Columns, Opinion

Latest With Lin: Making history on Staten Island: How an independent group of warehouse workers stood up to Amazon

Amazon, currently the second largest private employer in the United States, is primarily known for its role in creating the e-commerce revolution. Today, Amazon Prime trucks are now as recognizable and commonplace as the US Postal Service vehicles of old, and American consumers have fallen in love with the convenience and variety that online shopping provides.

Yet, the very business model that allows for this kind of cheap and efficient delivery of goods comes at a great expense to its workers. 

The abysmal state of Amazon’s numerous warehouses has been well documented. Whether it be regularly shortchanging workers or subjecting them to injury risk through rigid production quotas, Amazon has long been under fire for its labor standards. Though these poor labor standards have long been known by the public, little has been done to improve the condition of Amazon’s warehouse workers. 

That is until now.

Connie Dai / DFP Staff

The beginning of April was marked by perhaps one of the most important victories for organized labor in the U.S. this century. The ALU, or Amazon Labor Union, secured a vote of 2,654 to 2,131 in favor of its formation, making the JFK 8 Amazon warehouse on Staten Island the first unionized Amazon warehouse in the U.S.

Past attempts at this feat have all ended in failure. Well established unions such as the Communications Workers of America, the Teamsters, United Food and Commercial Workers and the International Association of Machinists and Aerospace Workers all failed to organize at Amazon.

Their failure to organize, unfortunately, came to nobody’s surprise at the time. Amazon spent $4.3 million alone last year on anti-union consultants. 

The tech giant has every incentive to keep labor costs as low as they can get away with, and as a result are more than willing to pour funds into dousing out any unionization efforts in its warehouses.

But, beyond Amazon’s extensive legal funding, the biggest obstacle to unionization at Amazon lies in the structure of the workplace itself.

The company features rapid rates of worker turnover, short breaks and inconsistent shifts, as well as facilities under high surveillance and strenuous production quotas. This structure of Amazon’s warehouses does little to facilitate culture and unity among workers, making its facilities practically impenetrable to outside labor unions.

It is telling, then, that when the unionization effort finally did succeed, it came from within. ALU President Christian Smalls — a former Amazon warehouse worker who was fired for demanding better working conditions — said in an interview with The New Yorker, “It made sense that workers like us need to have a union, and we should take it upon ourselves, because other unions don’t know what Amazon facilities look like.”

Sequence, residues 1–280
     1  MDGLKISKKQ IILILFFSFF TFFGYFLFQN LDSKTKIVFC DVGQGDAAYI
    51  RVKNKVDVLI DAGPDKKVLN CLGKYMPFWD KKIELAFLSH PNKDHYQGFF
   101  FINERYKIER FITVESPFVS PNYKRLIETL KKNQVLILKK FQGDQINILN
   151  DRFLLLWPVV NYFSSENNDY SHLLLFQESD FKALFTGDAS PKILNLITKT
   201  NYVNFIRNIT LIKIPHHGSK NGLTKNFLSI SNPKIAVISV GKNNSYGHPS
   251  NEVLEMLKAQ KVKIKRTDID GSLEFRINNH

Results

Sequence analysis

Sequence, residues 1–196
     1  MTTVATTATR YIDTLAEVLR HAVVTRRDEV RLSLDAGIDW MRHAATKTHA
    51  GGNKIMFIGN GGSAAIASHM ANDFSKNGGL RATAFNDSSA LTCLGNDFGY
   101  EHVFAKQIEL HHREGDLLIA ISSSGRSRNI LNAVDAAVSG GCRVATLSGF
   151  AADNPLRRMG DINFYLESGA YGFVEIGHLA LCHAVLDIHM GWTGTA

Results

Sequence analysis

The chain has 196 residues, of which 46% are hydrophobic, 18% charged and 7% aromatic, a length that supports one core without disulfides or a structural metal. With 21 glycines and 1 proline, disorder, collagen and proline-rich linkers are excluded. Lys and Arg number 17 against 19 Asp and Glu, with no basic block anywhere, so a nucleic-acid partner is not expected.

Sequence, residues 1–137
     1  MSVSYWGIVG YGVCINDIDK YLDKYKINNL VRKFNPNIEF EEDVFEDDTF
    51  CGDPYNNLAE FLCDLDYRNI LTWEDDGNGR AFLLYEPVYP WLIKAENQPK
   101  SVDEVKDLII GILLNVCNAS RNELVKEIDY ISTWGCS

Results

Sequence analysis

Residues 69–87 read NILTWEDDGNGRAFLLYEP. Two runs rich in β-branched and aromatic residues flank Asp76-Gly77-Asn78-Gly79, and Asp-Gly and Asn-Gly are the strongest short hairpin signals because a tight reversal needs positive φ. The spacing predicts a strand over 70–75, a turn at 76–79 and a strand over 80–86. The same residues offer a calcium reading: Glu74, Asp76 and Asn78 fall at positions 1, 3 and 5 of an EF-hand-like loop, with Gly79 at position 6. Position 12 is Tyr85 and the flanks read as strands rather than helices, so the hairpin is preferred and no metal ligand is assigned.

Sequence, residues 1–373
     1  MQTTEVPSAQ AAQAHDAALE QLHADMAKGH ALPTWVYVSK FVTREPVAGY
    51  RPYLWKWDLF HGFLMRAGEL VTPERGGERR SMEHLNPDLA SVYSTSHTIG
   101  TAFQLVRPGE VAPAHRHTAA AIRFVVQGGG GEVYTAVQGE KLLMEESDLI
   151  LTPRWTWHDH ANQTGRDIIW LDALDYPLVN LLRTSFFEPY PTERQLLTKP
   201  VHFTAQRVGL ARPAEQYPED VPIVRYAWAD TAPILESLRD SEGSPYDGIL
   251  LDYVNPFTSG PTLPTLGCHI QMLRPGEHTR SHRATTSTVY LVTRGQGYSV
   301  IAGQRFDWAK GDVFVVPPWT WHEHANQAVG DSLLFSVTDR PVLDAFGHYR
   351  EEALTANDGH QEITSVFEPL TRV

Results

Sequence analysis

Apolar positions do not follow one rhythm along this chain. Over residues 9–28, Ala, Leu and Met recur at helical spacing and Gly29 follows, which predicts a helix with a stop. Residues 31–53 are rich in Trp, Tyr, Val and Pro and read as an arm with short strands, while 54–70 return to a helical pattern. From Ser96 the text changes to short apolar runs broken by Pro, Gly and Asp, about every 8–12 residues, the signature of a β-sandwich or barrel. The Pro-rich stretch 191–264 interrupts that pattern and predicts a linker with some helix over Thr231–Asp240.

The grassroots approach turned out to be the difference maker, as Amazon’s old tactics of funding extensive anti-union campaigns, and even recruiting the help of major Democratic polling firm Global Strategy Group, failed to garner enough distrust in the ALU to produce a “no” vote.

It’s hard not to overstate the importance of this victory for American workers. Not only did it produce an improbable win against one of the largest companies in the world, but it also created a successful framework for independent unionization.

This victory could not have come at a better time, as over the past few decades, American workers have been losing an ever greater share in the American economy. 

Despite the U.S. economy exhibiting healthy metrics on job growth and employment since the 2009 recession, the fruits of macroeconomic growth have primarily been enjoyed by the wealthiest Americans.

Meanwhile, private-sector union participation has been on a long-term trend of precipitous decline, as offshoring and automation have given significantly more leverage to employers over their workers. According to the Pew Research Center, today, only about 10.8% of the U.S. workforce is unionized, down from a peak of 34.8% in 1954. At the same time, the pay gap between workers with a college degree compared to those without is at its largest in decades.

Although the ALU only encompasses one out of many Amazon warehouses, their improbable success story shows that it is still not too late for workers to fight for a fair and free workplace.

Whether or not this historic union win will have cascading effects on other Amazon warehouses remains to be seen. Yet, the true importance of this victory stretches beyond the domain of just Amazon workers. It’s a reminder to all workers that they are not completely helpless in the face of corporate greed. A better future exists, but only if we demand it.

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